Little wooden stereo boxes hang from bare trees in the Center for the Arts Green, as though taking the place of forgotten bird nests. Sporadically they sing, or perhaps the birds tweet, and a melody springs up between the trees. To artist and musician Gabe Greenberg ’14, these are the spontaneous songs of tree chimes, and comprise his interactive sound installation music thesis, “Chime Tree.”

The project was inspired by “The Singing Oak,” an installation in New Orleans’ City Park. It is colloquially referred to as the Chime Tree and, true to its name, is large oak tree covered in chimes. Greenberg was struck by the chance musical patterns created by the wind and strived to emulate these concepts in his own interpretation of the “The Singing Oak.”

The installation itself is composed of several aspen speakers hung on trees and connected via wires to a generator box. Within the box is Greenberg’s computer, which runs multiple programs that work together to create Internet interfaces. There is a URL that visitors can visit on either their computers or smartphones, where they can choose from a number of widgets with different sounds and effects. Once chosen, the effects play and move around among the many speakers. The speakers are an analogue to the chimes of “The Singing Oak.”

Greenberg hoped that audience members’ abilities to choose the sounds would facilitate their engagement with the piece.

“I was trying to do something that similarly created a space that people could feasibly spend time in and interact with what they were hearing more directly,” Greenberg said. “I was trying to take the idea that people naturally interact with what they’re hearing by internally and conceptually constructing it into anything they want it to be.”

This approach focused not only on auditory and visual senses, but also on the importance of physical interaction.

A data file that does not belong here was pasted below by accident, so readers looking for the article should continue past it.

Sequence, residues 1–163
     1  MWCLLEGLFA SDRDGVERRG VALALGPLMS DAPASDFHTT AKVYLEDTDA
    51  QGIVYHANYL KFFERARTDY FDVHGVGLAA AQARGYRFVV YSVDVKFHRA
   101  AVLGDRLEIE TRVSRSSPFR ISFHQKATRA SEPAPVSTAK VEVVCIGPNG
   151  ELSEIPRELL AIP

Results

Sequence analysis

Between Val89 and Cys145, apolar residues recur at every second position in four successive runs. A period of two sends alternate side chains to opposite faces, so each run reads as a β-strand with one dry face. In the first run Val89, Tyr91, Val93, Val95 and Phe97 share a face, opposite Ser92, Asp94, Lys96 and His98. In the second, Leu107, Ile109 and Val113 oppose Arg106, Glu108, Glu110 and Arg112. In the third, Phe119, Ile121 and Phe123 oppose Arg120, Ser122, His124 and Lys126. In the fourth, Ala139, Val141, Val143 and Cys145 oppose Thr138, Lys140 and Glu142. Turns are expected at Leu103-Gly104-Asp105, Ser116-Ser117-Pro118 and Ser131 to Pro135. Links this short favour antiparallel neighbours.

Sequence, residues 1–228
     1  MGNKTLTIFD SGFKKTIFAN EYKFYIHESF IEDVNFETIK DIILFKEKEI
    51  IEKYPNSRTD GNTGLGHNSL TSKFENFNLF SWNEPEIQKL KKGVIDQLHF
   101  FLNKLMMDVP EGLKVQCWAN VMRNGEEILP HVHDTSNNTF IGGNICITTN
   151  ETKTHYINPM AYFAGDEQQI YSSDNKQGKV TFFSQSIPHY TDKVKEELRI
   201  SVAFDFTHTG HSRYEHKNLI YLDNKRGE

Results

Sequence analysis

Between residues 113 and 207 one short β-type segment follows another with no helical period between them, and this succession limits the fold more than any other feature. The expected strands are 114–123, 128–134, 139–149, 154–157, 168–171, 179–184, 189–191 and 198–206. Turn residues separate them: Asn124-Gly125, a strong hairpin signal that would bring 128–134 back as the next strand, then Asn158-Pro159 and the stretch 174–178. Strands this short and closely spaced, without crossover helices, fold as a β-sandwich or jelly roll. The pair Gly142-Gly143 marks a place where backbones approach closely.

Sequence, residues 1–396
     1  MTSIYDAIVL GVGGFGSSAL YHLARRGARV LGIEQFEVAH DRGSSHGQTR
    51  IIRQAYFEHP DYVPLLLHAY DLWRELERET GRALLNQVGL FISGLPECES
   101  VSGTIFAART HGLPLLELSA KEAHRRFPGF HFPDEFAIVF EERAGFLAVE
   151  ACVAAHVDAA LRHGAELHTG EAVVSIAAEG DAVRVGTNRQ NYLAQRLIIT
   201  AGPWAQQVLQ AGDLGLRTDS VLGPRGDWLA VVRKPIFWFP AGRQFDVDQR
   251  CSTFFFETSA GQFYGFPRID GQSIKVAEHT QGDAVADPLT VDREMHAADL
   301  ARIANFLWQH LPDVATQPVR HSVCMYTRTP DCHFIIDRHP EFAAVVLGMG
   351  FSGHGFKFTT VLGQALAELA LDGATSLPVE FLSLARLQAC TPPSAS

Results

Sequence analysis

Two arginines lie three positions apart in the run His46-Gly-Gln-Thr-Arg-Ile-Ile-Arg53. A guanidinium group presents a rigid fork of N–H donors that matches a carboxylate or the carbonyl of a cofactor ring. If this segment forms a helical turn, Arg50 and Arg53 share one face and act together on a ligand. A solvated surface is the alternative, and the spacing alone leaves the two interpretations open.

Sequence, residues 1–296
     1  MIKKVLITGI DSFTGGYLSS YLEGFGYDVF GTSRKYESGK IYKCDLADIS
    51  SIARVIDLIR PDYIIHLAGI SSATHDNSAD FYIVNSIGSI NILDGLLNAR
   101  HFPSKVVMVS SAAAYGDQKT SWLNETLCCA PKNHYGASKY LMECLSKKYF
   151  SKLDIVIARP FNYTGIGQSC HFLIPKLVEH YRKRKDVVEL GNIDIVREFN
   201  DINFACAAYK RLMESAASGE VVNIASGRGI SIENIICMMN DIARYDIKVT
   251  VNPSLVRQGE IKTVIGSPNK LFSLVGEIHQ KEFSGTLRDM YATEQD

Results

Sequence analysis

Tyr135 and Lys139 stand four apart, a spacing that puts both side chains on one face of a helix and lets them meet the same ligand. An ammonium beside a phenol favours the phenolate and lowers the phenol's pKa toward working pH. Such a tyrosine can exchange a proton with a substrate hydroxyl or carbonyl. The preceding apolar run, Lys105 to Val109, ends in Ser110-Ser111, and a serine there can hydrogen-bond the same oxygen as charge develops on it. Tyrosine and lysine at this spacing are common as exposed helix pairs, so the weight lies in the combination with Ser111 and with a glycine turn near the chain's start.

“With this they have a more tactile and direct way, if they choose, to interact with what’s being played,” Greenberg said.

Audience members were not just touching screens; rather, some people violently shook their phones or pulsed them to a rhythm in an attempt to alter

the melody created. It was difficult to tell which sound bite was attributed to whom, but regardless, “heys!” and “yays!” could be heard throughout the crowd when people recognized their musical contributions.

Sometimes, the system directly responded to the signals given by URLs and cell phones, but sometimes it was difficult to tell. Lena Meyerson ’16 noted this ambiguity.

“You don’t actually know which parts of it are functioning,” Meyerson said. “It’s hard to tell if it’s actually working or not. It appears that certain aspects aren’t making noises, but maybe they are just making sounds that we can’t hear.”

This created a sort of anonymity within the crowd: no individual was the singular artist or composer. This communal experience was Greenberg’s intention for the project.

“I wanted to do something that wasn’t all about me and wasn’t as fleeting as a concert,” Greenberg said. “I wanted to make something that was more of a shared experience.”

Jackie Soro ’14, a housemate of Greenberg’s, was seeing the installation in its entirety for the first time.

“I’ve been hearing this stuff every single night at home,” Soro said. “It’s so cool to hear it outside.”

Part of what made the experience so different for Soro was the sculptural component of the installation. It was not only an examination of music and composition, but also the visual arts. Meyerson described this commingling of the visual and auditory facets of the installation.

“It’s a classical amalgamation of 90-degree angles and hilly curves,” Meyerson said. “I like the aesthetic of it.”

Soro noted that the installation inspired a strong connection with the environment.

“It’s really connected to nature,” Soro said. “It doesn’t really look out of place in the trees because of the naturalistic wood even though there are wires running on the ground. You can even hear it vibrating on the ground.”

Sometimes, we turn to nature to escape noise and technology. We try to escape phones, computers, and the dreaded URL. Chime Tree introduced its viewers to a world where these factors are not barriers to but rather components of a contemplative environment in which nature and technology mingle to create a new hybrid that is equal parts organic and man-made. What was once a computer-generated sound becomes a chime, a birdcall, a car horn, or a person’s whisper. Suddenly,  all of these sounds combine to form one melody.

Meyerson reiterated the accidental and communal qualities of the piece.

“There’s an honesty in [it],” Meyerson said. “I think that it’s a really beautiful metaphor.”

From Greenberg’s candid introduction to the visible wires connecting the speakers, this piece embraced faults and defied false façades. It spoke to the honesty of human interaction, with nature, technology, and between one another.

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